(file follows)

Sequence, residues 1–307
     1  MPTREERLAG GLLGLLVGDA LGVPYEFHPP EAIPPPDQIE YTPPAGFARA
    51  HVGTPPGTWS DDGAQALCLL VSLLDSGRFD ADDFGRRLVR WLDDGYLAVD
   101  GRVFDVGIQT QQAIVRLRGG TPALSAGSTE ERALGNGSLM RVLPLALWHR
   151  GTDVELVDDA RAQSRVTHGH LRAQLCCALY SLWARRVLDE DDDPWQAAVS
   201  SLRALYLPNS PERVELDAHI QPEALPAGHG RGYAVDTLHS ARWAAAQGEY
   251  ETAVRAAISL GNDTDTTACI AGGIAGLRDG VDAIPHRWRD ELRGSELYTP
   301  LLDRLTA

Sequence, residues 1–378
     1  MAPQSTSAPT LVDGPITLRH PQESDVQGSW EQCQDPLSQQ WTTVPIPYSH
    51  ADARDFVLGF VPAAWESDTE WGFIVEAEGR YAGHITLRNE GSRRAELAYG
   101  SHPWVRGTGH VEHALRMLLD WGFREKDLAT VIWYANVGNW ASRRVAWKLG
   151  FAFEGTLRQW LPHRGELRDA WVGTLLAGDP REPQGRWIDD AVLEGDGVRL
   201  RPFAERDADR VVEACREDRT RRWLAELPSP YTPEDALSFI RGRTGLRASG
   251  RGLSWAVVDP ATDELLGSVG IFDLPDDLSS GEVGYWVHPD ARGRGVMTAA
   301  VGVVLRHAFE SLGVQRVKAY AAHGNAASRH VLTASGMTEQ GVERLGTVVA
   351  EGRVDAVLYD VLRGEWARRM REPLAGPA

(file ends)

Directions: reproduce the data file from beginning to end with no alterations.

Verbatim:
Sequence, residues 1–307
     1  MPTREERLAG GLLGLLVGDA LGVPYEFHPP EAIPPPDQIE YTPPAGFARA
    51  HVGTPPGTWS DDGAQALCLL VSLLDSGRFD ADDFGRRLVR WLDDGYLAVD
   101  GRVFDVGIQT QQAIVRLRGG TPALSAGSTE ERALGNGSLM RVLPLALWHR
   151  GTDVELVDDA RAQSRVTHGH LRAQLCCALY SLWARRVLDE DDDPWQAAVS
   201  SLRALYLPNS PERVELDAHI QPEALPAGHG RGYAVDTLHS ARWAAAQGEY
   251  ETAVRAAISL GNDTDTTACI AGGIAGLRDG VDAIPHRWRD ELRGSELYTP
   301  LLDRLTA

Sequence, residues 1–378
     1  MAPQSTSAPT LVDGPITLRH PQESDVQGSW EQCQDPLSQQ WTTVPIPYSH
    51  ADARDFVLGF VPAAWESDTE WGFIVEAEGR YAGHITLRNE GSRRAELAYG
   101  SHPWVRGTGH VEHALRMLLD WGFREKDLAT VIWYANVGNW ASRRVAWKLG
   151  FAFEGTLRQW LPHRGELRDA WVGTLLAGDP REPQGRWIDD AVLEGDGVRL
   201  RPFAERDADR VVEACREDRT RRWLAELPSP YTPEDALSFI RGRTGLRASG
   251  RGLSWAVVDP ATDELLGSVG IFDLPDDLSS GEVGYWVHPD ARGRGVMTAA
   301  VGVVLRHAFE SLGVQRVKAY AAHGNAASRH VLTASGMTEQ GVERLGTVVA
   351  EGRVDAVLYD VLRGEWARRM REPLAGPA